Dying For Love

The family of a murdered society matron says she took up with the wrong man

"You had some idea, obviously, how wealthy she was?" Bailey asked.

"But I didn't know how wealthy," Pagano replied. "I knew she was wealthy, yes."

(In an earlier interview, the detective had asked Howard's bookkeeper, Linda Hartrick, if she believed Pagano would have known how "well off [Howard] was financially." Hartrick had replied, "He had to have known. You don't have property in Carmel, you didn't have property on Mummy Mountain, Echo Canyon, and you didn't have a $350,000, $400,000 house, plus buying a new Cadillac or Oldsmobile just because she liked the color of it every couple, three thousand miles, you know?")

Katheryn Howard believed it would be happily ever after with Chuck Pagano.
Katheryn Howard believed it would be happily ever after with Chuck Pagano.
Chuck Pagano and Katheryn Howard at her Scottsdale home.
Chuck Pagano and Katheryn Howard at her Scottsdale home.

Pagano said he'd read Howard's diaries while the civil suit against him was ongoing.

"I presume you read the diary?" he asked Bailey.

"Yeah," the detective answered. "I mean, I got other things than go through 10 years' worth of frickin' diaries."

Bailey asked a few questions about the puzzling drowning death of Chico the poodle.

"I know that they think that I killed the dog," Pagano replied, referring to Howard's survivors. "[They think] Don't you think it's a coincidence that Chuck was there and the dog died, and Katheryn died a couple days after?' I mean, when they told me that, I go, Holy mackerel,' you know."

He then asked the detective a direct question.

"Where do I stand?"

Bailey spent minutes answering, going into details that tipped Pagano to the direction the detective was taking the case -- nowhere.

He pointed out that the medical examiner had reclassified Howard's death "as a homicide and death due to asphyxiation. And obviously we don't believe that she asphyxiated herself. What the bottom line is that somebody is looking at a homicide or a murder, and somebody has to have caused that. Who the hell caused it . . . is what's been dropped in my lap, where do we go from here?"

As much as the detective blabbed, he inexplicably never asked Chuck Pagano what he'd asked the housekeeper -- whether Pagano had seen the bruises on Howard's body in the last hours and minutes of her life.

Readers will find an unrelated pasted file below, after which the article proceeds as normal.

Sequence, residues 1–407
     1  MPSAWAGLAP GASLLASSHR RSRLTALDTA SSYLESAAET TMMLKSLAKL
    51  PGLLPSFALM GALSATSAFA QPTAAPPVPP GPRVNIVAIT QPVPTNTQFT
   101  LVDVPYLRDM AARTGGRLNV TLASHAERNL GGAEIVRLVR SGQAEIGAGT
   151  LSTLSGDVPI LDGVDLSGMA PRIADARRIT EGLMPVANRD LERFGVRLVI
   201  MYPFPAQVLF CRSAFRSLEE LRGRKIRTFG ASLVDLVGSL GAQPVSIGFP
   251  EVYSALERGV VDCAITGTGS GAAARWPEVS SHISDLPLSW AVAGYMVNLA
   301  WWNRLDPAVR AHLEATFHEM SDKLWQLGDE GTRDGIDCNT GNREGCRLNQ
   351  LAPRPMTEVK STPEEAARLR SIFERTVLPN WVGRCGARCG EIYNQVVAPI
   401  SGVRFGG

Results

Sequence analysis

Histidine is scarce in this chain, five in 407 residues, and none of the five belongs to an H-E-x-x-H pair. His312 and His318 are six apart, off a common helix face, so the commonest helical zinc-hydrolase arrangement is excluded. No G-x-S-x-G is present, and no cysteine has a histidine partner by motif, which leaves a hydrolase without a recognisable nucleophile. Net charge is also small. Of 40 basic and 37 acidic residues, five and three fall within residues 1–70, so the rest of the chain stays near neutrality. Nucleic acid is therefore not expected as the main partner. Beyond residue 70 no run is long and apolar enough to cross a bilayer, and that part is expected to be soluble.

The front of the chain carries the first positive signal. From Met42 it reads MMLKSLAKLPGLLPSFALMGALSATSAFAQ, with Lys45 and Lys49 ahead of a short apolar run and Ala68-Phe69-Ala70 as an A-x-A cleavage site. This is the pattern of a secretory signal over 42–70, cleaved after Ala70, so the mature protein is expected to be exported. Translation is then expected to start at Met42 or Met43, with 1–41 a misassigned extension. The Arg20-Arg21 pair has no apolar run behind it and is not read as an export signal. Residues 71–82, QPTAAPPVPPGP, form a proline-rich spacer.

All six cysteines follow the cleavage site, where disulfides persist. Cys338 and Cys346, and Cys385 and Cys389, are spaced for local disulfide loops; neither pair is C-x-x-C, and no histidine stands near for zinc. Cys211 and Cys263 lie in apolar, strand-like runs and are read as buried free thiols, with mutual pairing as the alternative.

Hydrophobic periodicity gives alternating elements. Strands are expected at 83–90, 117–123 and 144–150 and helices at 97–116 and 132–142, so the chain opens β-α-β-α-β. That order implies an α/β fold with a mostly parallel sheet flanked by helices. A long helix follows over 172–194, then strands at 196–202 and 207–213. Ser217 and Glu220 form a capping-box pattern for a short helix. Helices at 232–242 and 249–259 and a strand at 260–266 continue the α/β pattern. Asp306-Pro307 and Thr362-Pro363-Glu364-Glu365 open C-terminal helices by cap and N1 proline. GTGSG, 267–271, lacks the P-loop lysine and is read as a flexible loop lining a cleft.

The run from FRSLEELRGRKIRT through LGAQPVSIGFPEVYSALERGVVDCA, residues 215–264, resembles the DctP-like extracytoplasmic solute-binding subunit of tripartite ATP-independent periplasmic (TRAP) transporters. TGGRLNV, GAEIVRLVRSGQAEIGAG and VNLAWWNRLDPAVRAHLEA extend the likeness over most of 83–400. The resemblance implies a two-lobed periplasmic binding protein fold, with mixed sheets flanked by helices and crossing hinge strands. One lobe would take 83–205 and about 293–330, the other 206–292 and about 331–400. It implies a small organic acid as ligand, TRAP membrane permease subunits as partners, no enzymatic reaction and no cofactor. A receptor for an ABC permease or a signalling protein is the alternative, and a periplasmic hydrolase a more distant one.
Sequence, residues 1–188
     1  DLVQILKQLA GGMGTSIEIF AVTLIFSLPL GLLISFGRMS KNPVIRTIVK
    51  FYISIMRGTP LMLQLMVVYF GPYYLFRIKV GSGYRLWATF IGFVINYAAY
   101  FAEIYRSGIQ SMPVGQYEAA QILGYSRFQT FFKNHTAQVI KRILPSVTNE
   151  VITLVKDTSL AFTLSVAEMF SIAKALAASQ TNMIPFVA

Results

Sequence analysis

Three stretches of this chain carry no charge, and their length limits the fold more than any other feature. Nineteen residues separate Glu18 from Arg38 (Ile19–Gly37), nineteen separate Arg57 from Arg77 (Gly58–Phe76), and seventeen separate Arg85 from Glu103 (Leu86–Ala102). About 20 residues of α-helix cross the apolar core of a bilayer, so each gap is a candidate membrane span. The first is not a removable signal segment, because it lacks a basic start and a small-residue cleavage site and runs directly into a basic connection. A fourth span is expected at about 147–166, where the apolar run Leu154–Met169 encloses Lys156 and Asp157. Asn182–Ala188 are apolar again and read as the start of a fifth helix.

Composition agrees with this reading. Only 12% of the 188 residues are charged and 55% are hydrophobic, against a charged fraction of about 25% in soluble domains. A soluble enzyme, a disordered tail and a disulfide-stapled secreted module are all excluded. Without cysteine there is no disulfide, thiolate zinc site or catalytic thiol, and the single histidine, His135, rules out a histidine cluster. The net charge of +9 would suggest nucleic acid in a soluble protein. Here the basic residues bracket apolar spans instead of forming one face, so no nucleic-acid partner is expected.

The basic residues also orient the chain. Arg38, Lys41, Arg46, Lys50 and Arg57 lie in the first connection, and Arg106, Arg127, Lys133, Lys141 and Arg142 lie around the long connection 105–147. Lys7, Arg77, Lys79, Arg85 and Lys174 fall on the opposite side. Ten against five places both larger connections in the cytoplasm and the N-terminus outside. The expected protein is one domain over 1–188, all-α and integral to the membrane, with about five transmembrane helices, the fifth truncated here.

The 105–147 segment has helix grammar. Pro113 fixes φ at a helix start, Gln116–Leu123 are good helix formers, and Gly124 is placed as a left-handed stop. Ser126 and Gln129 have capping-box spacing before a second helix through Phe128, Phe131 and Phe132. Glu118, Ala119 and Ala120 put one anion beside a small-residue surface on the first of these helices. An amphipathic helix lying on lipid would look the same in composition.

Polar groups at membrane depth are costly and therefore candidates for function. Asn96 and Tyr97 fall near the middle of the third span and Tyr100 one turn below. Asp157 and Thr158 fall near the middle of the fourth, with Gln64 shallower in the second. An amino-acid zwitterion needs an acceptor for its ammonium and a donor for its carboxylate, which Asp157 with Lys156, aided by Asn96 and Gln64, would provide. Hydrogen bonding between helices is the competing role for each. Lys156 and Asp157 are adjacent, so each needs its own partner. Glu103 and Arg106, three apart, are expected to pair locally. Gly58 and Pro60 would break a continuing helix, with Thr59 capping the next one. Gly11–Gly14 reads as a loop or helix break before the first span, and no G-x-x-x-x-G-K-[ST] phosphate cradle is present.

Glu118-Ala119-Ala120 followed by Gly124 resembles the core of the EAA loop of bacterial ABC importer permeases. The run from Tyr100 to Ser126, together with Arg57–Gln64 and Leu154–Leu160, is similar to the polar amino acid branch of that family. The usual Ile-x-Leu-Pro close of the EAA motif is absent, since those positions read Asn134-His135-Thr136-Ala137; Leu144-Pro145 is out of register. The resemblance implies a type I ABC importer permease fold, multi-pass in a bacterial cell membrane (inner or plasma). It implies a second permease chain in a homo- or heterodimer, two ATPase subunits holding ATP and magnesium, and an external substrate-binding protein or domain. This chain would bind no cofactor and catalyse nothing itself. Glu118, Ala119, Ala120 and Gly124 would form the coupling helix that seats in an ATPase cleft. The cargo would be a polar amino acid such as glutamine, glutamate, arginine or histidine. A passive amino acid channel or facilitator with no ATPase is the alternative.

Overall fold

Whatever Pagano's answer had been would have been enormously important to the murder investigation.

Instead, Bailey seems to have bought Chuck Pagano's claims about having no idea he stood to reap a small fortune from Howard's death.

"Pagano only was aware of the amount of their joint account," the detective wrote in a report, "but it is totally uncertain what he knew concerning specifics of the Howard Trust."

Whether Pagano knew the exact sum coming to him matters little, investigator Joe Soos told New Times in a recent e-mail:

"It's like a bank robber who doesn't know exactly how much he's going to collect from a heist. He just knows he needs the money and he's going to make a bunch. What you had here was a detective whose heart wasn't in it and whose interview techniques were extremely poor. Bad combination."

In police reports completed last fall, Detective Bailey made it clear he'd again concluded he couldn't make a case against Chuck Pagano.

Last October 18, Bailey took about 45 minutes to present what he had to a committee of senior Maricopa County prosecutors. He was assisted by deputy county attorney Noel Levy, a veteran of dozens of murder prosecutions.

According to Bailey's police report, the committee unanimously declined to prosecute Chuck Pagano for murder.

"We determined there was no reasonable likelihood for conviction based on the investigation that Scottsdale presented to us," says Bill FitzGerald, a spokesperson for County Attorney Rick Romley's office. "As you know, there is no statute of limitations in murder cases."

FitzGerald refused to allow Levy to be interviewed for this story about the nature of Bailey's presentation.

Katheryn Howard's survivors say they haven't given up hope that justice will be done in her case. To them, that would mean a successful prosecution of Chuck Pagano for first-degree murder.

"We loved our aunt very much," says Becky Hebert, "and what this guy did to her was so wrong, so evil."

In February, Dr. Mozayani -- the Texas toxicologist -- and Joe Soos will present their take on the Howard case at the prestigious American Academy of Forensic Sciences annual conference in Dallas. They've called their presentation "The Unnatural Death of Katheryn Howard."

Dr. Arch Mosley hopes to attend the conference.

"This case changed everything about how I deal with the elderly," the pathologist says, emphasizing the word "everything."

"I don't get a senior citizen in here with bruises anymore without demanding a satisfactory explanation from someone. Let's put it this way: I don't get the body of an elderly person in front of me without thinking about Katheryn Howard."

E-mail paul.rubin@newtimes.com, or call 602-229-8433.

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Sue Haveman
Sue Haveman

Chuck Pagano is still taking advantage of women. I had a gentleman's agreement for him to build a house for me in the Dominican Republic. What a fiasco. Taking my money, buying other property for himself, building is a way that was criminal, he is nothing but a thief. I've practically had to rebuild all of the columns & beams, the walls aren't plumb, it's incredible. He also swindled two other people down there in the village of Luperon. He's a bad man.

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